4. Conclusions

In summary, we explored the ruthenium-catalyzed cross metathesis reactions between allyl-POSS and five alkenes, including three steroid derivatives. We showed that, even for such challenging partners and relatively mild conditions, such as 0.5–2 mol% of catalyst at DCM or toluene at RT to 100 °C, are sufficient to perform an efficient CM reaction with POSS derivatives. The best catalysts for these transformations were Hov-II and Nitro complexes.

Supplementary Materials

The following are available online. Figure S1: 1H NMR of compound 4; Figure S2: 13C NMR of compound 4; Figure S3: 1H NMR of compound 5; Figure S4: 13C NMR of compound 5; Figure S5: 1H NMR of compound 7; Figure S6: 13C NMR of compound 7; Figure S7: 1H NMR of compound 9; Figure S8: 13C NMR of compound 9; Figure S9: 1H NMR of compound 11; Figure S10: 1H NMR of compound 11.

Author Contributions

Methodology: J.C.J., Ł.W.; Formal Analysis, J.C.J., Ł.W.; Investigation, J.C.J., Ł.W., A.U., K.K., A.A.R.; Writing: original draft preparation, J.C.J.; Writing: review and editing, J.C.J., Ł.W. and K.G.


This research was funded by The National Science Center, Poland grant number 2011/01/N/ST5/05638.


The authors would like to thank Erik Abbenhuis and Gijsbert Gerritsen from Hybrid Catalysis BV for their generous donation of the POSS derivatives used in this studies.

Conflicts of Interest

The authors declare no conflict of interest.


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Sample Availability: Not available.
Figure 1. The general features of polyhedral oligomeric silsesquioxanes (POSS).
Figure 1. The general features of polyhedral oligomeric silsesquioxanes (POSS).
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Figure 2. Commonly used types of ruthenium catalysts for olefin metathesis.
Figure 2. Commonly used types of ruthenium catalysts for olefin metathesis.
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Figure 3. Additional ruthenium complexes used in this study.
Figure 3. Additional ruthenium complexes used in this study.
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Figure 4. Family of ruthenium complexes bearing N-Heterocyclic Carbene (NHC) ligand with naphthyl side chains used in this study.
Figure 4. Family of ruthenium complexes bearing N-Heterocyclic Carbene (NHC) ligand with naphthyl side chains used in this study.
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Scheme 1. Cross metathesis of allyl-POSS 1 with the derivative of estrone 10.
Scheme 1. Cross metathesis of allyl-POSS 1 with the derivative of estrone 10.
Molecules 23 01722 sch001
Table 1. Cross metathesis of allyl-polyhedral oligomeric silsesquioxanes (POSS) derivative with model partners.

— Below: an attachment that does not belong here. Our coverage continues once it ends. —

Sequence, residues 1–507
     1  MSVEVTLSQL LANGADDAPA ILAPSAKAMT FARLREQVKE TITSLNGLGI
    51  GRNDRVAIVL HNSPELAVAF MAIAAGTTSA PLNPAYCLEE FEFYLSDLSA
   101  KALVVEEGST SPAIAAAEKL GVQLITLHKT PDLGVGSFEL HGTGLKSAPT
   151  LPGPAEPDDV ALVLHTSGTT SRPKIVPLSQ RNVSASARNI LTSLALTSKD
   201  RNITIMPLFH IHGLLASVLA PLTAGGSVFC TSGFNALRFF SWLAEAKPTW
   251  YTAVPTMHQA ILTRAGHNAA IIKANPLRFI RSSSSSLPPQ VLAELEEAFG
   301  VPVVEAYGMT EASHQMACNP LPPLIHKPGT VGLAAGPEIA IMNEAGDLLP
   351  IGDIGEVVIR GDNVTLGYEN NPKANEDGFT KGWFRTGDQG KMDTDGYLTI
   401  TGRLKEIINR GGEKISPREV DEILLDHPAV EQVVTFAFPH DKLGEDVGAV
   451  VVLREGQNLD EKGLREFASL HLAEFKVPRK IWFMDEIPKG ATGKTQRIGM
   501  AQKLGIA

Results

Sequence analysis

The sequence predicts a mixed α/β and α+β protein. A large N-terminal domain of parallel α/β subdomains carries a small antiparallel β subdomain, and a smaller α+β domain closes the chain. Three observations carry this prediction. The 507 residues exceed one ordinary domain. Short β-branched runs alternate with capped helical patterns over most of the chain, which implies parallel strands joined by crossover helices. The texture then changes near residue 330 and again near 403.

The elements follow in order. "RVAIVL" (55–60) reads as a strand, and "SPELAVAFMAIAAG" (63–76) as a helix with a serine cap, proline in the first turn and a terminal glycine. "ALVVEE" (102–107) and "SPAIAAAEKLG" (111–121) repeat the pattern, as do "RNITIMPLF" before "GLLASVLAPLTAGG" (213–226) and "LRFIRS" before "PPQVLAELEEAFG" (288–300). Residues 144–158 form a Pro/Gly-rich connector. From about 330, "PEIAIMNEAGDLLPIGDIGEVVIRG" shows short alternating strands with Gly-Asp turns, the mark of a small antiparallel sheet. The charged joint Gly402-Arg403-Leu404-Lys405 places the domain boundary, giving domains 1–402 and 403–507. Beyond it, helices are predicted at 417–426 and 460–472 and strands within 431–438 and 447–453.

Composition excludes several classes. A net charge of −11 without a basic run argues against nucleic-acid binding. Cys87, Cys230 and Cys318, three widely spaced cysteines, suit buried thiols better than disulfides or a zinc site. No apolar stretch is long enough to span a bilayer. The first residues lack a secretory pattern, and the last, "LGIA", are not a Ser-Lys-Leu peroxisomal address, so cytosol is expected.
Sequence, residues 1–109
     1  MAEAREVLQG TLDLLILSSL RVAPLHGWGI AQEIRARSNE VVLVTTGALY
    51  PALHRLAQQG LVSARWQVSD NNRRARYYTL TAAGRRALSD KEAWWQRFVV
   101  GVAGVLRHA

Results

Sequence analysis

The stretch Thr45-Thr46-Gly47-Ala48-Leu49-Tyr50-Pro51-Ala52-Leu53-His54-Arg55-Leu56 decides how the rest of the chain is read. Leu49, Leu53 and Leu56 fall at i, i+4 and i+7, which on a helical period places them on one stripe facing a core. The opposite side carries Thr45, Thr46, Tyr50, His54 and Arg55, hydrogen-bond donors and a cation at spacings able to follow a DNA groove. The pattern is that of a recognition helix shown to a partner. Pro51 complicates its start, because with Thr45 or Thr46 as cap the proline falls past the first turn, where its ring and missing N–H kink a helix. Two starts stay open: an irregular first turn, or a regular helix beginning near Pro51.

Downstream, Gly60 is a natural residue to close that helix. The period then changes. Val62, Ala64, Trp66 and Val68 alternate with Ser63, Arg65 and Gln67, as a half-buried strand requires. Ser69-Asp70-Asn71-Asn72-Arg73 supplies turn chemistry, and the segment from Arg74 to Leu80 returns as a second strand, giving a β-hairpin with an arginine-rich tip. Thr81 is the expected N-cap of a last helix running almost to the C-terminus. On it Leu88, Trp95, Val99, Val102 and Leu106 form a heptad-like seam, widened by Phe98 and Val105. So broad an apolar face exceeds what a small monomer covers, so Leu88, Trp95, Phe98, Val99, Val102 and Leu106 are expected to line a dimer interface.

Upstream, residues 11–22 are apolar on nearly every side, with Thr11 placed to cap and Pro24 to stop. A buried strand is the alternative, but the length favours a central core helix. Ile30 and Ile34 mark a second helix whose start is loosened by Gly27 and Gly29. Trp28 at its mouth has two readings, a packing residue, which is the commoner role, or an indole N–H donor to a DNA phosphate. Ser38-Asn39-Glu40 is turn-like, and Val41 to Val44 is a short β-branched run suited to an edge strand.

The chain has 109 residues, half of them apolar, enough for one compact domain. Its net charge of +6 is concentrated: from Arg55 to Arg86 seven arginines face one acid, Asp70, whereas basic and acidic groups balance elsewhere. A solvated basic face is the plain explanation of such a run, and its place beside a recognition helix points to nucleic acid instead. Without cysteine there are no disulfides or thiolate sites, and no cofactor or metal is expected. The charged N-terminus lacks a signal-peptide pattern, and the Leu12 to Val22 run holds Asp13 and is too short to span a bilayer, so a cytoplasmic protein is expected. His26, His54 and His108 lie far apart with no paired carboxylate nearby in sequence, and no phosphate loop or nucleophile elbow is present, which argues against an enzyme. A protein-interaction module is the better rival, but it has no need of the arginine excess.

Table 1. Cross metathesis of allyl-polyhedral oligomeric silsesquioxanes (POSS) derivative with model partners.
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EntryCatalystTime (h)Yield of 4 (%)Yield of 5 (%)
Reaction conditions: 1 (0.5 mmol), 2 (1 mmol), or 3 (1.5 mmol), [Ru] 0.5 mol%, dichloromethane (DCM) (4 mL), room temperature (RT).
Table 2. Cross metathesis of allyl-POSS 1 with derivative of androsterone 6.
Table 2. Cross metathesis of allyl-POSS 1 with derivative of androsterone 6.
Molecules 23 01722 i002
Catalyst (mol%)SolventTemperature (°C)Time (h)Yield of 7 (%)
Hov-II (0.5)DCMRT53
Hov-II (2)DCM45536
Hov-II (2)Toluene100569
Nitro (2)Toluene100572
Table 3. Cross metathesis of allyl-POSS 1 with derivative of pregnenolone 8.
Table 3. Cross metathesis of allyl-POSS 1 with derivative of pregnenolone 8.
Molecules 23 01722 i003
Catalyst (mol%)SolventTemperature (°C)Time (h)Yield of 9 (%)
Hov-II (0.5)DCMRT529
Hov-II (2)Toluene100536
Nitro (2)Toluene1001046
Nitro (2)DCM452469

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Czaban-Jóźwiak, J.; Woźniak, Ł.; Ulikowski, A.; Kwiecińska, K.; Rajkiewicz, A.A.; Grela, K. Modification of Polyhedral Oligomeric Silsesquioxanes (POSS) Molecules by Ruthenium Catalyzed Cross Metathesis. Molecules 2018, 23, 1722.

AMA Style

Czaban-Jóźwiak J, Woźniak Ł, Ulikowski A, Kwiecińska K, Rajkiewicz AA, Grela K. Modification of Polyhedral Oligomeric Silsesquioxanes (POSS) Molecules by Ruthenium Catalyzed Cross Metathesis. Molecules. 2018; 23(7):1722.

Chicago/Turabian Style

Czaban-Jóźwiak, Justyna, Łukasz Woźniak, Artur Ulikowski, Katarzyna Kwiecińska, Adam A. Rajkiewicz, and Karol Grela. 2018. "Modification of Polyhedral Oligomeric Silsesquioxanes (POSS) Molecules by Ruthenium Catalyzed Cross Metathesis" Molecules 23, no. 7: 1722.